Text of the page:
In addition to this change of emphasis from what seems nebulous and inexact to what is plainly revealed and stressed in the biblical text there needs to be a rethink about what dispensationalists mean when they refer to their theology as a “system.”  It needs to be made clear that if dispensationalists continue to accept a limited definition of DT as essentially relevant to only two or three areas of theology, or, (which is much the same thing), if they are content to assimilate DT within the narrow band of “dispensational premillennialism,” then they have admitted tacitly that DT is not and cannot be a complete “system.”  Restricting, as many dispensationalists tend to do, DT to ecclesiology and eschatology, militates strongly against those definitions of DT which describe it as “a system of theology.”  Patently, any viewpoint which only chips in when either the Church or the Last Things is being discussed does not qualify – neither does it deserve to be identified – as a system of theology.  And this for a very good reason: only whole theologies can be systematized!

For the record, here is my working definition of DT: “An approach to biblical theology which attempts to find its raison d’etre in the Scriptures themselves, and which constructs its systematic presentation of theology around a primary focus on the biblical covenants.”

You will see that I have booted out the dispensations and thrown the spotlight upon the covenants in the Bible.  That may disturb some people, but I believe the profit of this move is immense.

2. Hermeneutics

Dispensationalism has often been associated with grammatico-historical interpretation.  Quite apart from whether many older dispensationalists actually contented themselves with approach, the fact is that the very term “grammatico-historical” no longer enjoys a static meaning.  So it becomes necessary to spell out what kind of hermeneutics is envisioned by that terminology.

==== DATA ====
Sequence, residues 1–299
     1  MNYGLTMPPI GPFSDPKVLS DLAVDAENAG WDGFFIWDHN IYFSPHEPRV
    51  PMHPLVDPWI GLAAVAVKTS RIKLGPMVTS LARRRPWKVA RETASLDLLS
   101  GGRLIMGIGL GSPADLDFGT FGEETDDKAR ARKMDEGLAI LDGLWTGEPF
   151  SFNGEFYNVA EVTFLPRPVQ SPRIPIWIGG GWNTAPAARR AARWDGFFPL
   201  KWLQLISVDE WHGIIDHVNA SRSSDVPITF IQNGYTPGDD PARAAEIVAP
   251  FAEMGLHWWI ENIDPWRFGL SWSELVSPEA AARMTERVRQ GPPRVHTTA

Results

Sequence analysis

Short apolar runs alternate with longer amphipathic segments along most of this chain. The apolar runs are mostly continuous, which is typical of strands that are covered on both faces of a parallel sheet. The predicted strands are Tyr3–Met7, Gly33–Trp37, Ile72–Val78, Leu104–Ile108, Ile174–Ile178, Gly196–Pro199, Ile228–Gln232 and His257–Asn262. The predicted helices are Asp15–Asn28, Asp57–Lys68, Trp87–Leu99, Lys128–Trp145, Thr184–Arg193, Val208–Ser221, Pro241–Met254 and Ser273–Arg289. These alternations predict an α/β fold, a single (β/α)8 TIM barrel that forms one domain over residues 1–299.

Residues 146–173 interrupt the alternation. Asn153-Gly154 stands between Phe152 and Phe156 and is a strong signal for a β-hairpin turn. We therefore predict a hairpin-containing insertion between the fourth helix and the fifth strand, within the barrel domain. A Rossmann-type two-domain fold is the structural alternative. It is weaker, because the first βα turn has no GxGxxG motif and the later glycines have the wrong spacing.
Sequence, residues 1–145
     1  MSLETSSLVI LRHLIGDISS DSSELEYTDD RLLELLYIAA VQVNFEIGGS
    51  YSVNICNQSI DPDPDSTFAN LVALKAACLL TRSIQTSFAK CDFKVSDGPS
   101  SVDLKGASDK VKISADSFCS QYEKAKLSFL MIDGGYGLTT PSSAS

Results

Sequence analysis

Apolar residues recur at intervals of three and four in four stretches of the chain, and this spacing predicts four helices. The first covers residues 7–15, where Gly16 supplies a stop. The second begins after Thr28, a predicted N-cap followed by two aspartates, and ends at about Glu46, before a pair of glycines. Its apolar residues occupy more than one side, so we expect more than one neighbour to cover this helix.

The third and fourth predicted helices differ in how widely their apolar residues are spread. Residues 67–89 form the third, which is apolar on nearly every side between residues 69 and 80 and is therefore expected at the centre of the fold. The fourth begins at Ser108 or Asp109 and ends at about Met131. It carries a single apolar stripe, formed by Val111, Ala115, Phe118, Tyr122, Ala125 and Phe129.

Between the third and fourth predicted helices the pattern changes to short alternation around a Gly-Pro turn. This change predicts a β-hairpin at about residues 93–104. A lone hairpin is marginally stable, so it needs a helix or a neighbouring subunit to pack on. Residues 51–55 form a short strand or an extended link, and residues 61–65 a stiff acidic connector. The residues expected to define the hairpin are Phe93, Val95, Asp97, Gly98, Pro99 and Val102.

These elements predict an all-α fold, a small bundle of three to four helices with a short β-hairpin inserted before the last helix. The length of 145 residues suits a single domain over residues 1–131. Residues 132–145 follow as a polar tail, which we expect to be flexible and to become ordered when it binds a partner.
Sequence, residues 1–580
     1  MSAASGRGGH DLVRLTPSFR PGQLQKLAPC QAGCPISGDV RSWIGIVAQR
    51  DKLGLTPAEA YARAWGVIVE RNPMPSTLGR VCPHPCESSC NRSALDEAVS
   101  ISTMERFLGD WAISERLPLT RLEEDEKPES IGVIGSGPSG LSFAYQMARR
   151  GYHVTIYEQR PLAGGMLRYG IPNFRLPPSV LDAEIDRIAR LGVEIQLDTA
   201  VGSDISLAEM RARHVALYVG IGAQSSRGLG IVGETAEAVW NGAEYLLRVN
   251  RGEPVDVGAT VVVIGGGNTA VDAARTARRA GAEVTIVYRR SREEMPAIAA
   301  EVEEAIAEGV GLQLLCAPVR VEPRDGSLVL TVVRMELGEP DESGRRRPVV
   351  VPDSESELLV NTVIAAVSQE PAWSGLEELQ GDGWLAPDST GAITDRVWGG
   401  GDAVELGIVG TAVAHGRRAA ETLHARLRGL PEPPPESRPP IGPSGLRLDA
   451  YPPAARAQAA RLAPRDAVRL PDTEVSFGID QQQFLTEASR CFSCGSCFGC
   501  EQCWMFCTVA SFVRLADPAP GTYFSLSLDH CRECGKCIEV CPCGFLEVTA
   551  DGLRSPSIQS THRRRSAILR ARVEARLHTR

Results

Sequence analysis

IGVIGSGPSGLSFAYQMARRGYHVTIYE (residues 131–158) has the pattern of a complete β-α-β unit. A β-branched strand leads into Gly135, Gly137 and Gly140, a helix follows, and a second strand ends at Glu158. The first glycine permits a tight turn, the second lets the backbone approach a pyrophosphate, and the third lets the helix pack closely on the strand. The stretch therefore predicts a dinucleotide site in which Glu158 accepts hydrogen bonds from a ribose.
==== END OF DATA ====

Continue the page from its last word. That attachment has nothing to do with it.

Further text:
In its most basic sense language conveys thought into words.  God is the Author of language and when He speaks in the early chapters of the Bible there is a correlation between His thought, the words selected to convey His thought, and the product brought into existence by His word.  This flow from God’s word to God’s action is so obvious in the Bible that it scarcely needs proof.  Let the reader study the Bible Story with this in mind and he will see it everywhere.  Thus we have an important hermeneutical marker from inside the Bible.

As we have seen God also makes covenants.  We may easily locate Divine covenants, for instance, in Genesis 9, 15-22, Exodus 19-24; Numbers 25; Deuteronomy 29-30; 1 Chronicles 17; Psalms 89; 105; 106; Jeremiah 31, 33, Luke 22 and many other places.  God does not need to bind Himself by an oath, so why does He do it?  One reason, I want to suggest, is because of our propensity judge God’s word by our own capacity for belief.  Like Eve sizing up the forbidden tree, we want to come to our own conclusions independently.  It is our default position, and the covenants set up the boundaries within which our interpretations ought to operate.  The biblical covenants might well be seen as ‘a reinforcement of Divine speech.’  If this be the case then God’s covenants serve to boldly underline the God’s word/ God’s action motif we saw earlier.